Astronauts expected to return home after six-month ISS mission

By Jackie Wattles, CNN Business

(CNN) – Four astronauts are expected to return home on Monday evening aboard their SpaceX Crew Dragon spacecraft, concluding their six-month mission aboard the International Space Station.

Their journey began shortly after 2 p.m. ET on Monday when the astronauts attached themselves to the Crew Dragon capsule, which has remained attached to the ISS since arriving with the crew in April. They will spend the rest of the day aboard the capsule as it maneuvers in orbit. The capsule is expected to land off the coast of Florida around 10:30 p.m. Monday.

Problems with the toilets aboard SpaceX’s Crew Dragon capsule will leave astronauts without a bathroom option on their return trip. Instead, the crew will have to rely on “underwear” – essentially adult diapers.

SpaceX first discovered an issue with its spacecraft’s toilet in September while inspecting another Crew Dragon capsule. The company discovered that a tube used to deliver urine to a storage tank had peeled off and was causing a leak hidden under the floor of the capsule.

After discovering this problem, the four astronauts who make up SpaceX’s Crew-2 – Shane Kimbrough and Megan McArthur of NASA, French astronaut Thomas Pesquet of the European Space Agency and Akihiko Hoshide of Japan – were asked to check if their Crew Dragon capsule had a similar problem . And he did.

In a press conference held remotely from the ISS on Friday, McArthur said the use of underwear rather than the toilet was “suboptimal.”

“But we are ready to manage,” she said. “Spaceflight is filled with many little challenges. It’s just one more we’ll encounter and deal with during our mission, so we don’t worry too much about it.”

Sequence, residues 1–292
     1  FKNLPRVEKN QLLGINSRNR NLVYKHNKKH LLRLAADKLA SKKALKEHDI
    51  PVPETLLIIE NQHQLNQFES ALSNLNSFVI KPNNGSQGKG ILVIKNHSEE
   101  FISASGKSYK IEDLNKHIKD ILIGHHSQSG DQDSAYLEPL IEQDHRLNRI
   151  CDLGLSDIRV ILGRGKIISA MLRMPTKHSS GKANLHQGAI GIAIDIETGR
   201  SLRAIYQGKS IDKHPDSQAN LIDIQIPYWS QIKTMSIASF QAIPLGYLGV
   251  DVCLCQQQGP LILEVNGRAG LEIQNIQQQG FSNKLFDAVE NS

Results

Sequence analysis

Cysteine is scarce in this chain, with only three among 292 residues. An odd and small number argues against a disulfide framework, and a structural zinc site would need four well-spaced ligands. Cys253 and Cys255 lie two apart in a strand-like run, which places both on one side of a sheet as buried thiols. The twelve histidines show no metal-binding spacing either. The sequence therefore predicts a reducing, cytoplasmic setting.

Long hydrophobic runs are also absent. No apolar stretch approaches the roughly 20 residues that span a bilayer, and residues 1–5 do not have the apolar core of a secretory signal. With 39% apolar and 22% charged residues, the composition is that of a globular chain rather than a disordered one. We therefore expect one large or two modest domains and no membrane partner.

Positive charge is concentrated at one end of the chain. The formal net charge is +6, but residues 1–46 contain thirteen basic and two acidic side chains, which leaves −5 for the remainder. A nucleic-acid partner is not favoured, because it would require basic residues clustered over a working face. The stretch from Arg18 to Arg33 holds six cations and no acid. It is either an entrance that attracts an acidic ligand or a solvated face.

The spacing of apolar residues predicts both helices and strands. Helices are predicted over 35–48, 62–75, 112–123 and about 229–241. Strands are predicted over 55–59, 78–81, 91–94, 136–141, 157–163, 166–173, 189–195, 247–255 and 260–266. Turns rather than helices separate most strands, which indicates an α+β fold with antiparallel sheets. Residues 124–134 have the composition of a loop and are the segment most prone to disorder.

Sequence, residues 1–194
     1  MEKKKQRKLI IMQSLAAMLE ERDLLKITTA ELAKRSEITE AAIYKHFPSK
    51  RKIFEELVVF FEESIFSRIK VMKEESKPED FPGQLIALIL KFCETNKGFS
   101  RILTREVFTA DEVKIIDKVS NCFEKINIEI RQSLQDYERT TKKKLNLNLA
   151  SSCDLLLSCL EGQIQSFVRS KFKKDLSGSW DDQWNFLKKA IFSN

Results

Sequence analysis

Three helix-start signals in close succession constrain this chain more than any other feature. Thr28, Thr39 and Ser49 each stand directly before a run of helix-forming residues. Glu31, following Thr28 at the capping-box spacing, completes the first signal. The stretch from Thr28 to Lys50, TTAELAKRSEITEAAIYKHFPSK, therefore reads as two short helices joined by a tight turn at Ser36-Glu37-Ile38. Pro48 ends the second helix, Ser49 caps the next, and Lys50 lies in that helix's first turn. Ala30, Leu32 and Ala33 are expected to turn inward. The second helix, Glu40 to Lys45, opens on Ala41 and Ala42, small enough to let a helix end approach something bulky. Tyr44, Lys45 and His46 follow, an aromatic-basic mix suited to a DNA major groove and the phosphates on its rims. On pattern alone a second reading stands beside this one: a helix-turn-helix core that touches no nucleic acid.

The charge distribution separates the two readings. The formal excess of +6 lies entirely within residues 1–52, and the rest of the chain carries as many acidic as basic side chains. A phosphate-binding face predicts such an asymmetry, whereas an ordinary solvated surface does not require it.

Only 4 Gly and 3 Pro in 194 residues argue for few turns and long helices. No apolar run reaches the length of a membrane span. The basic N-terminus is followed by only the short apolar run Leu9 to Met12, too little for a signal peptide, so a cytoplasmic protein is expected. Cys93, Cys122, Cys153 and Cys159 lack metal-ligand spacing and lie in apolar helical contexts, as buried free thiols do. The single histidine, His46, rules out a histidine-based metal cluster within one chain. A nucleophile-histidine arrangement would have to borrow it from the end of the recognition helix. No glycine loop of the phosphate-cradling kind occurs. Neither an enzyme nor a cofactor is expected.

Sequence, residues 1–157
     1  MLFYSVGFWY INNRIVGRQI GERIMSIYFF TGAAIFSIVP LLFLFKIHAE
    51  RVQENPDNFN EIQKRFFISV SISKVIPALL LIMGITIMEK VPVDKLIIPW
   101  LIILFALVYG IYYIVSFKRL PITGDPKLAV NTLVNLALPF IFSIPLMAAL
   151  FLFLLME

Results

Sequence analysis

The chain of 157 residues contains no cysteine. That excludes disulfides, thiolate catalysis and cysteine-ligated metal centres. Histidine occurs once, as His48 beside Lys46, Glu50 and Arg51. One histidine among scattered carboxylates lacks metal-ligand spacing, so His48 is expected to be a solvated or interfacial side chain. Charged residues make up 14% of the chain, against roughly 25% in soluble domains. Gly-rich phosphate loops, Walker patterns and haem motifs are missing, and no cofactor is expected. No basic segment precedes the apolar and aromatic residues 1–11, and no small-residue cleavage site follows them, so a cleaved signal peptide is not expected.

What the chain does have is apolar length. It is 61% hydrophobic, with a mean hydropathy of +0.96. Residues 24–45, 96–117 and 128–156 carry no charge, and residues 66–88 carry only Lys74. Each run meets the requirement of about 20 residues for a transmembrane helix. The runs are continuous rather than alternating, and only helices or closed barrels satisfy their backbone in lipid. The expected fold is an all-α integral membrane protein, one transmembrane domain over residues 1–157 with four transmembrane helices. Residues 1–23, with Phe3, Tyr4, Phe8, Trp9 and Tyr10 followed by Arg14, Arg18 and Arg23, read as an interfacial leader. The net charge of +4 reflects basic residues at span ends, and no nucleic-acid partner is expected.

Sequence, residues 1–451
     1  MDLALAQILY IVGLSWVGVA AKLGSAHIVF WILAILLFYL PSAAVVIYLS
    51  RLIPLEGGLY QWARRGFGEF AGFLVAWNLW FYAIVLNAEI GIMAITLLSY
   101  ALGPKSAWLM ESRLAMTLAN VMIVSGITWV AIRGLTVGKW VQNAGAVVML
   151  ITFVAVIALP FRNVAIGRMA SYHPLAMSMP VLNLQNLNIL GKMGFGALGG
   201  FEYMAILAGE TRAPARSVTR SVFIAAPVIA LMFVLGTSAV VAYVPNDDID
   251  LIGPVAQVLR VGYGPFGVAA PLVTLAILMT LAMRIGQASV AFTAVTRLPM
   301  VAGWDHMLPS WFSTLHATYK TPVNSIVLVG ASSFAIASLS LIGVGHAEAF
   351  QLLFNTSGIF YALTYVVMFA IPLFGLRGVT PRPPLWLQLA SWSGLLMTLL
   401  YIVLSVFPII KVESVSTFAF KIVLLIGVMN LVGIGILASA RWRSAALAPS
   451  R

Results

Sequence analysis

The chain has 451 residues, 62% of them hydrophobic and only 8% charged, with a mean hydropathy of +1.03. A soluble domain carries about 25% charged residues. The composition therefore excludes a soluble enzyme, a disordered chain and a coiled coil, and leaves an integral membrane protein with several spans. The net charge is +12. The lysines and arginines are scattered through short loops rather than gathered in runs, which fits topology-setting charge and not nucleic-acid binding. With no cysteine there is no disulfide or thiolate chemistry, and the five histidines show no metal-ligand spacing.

DO THIS QUIZ: Your body in space

The spacecraft should still be able to fly safely, if not slightly less comfortable than before.

Kimbrough, McArthur, Pesquet, and Hoshide return to Earth before the next crew of astronauts can join the ISS to replace them. NASA and SpaceX hope to launch another mission later this week.

This next mission, called Crew-3, was scheduled to take off last weekend but was delayed – first by weather issues, then by a “minor medical issue” with one of the astronauts. NASA said Thursday it expects this medical issue to be resolved before liftoff later this week, and SpaceX and NASA officials are now focused on finding a good weather opportunity for the launch.

Monday’s splash comes after SpaceX CEO Elon Musk went wild on Twitter, this time make a sexual reference by going after Oregon Senator Ron Wyden, who chairs the Senate Finance Committee. Wyden, like many Democratic senators, has advocated removing legal loopholes that allow billionaires like Musk to avoid paying regular taxes.

Wyden tweeted in favor of ‘billionaire income tax’ after Musk asked his followers on Twitter, asking him if he should sell 10% of his share of Tesla, which would incur a hefty tax bill. 58% of respondents voted “yes”. But, it should be noted, Musk has a multibillion dollar tax bill on future stock options.

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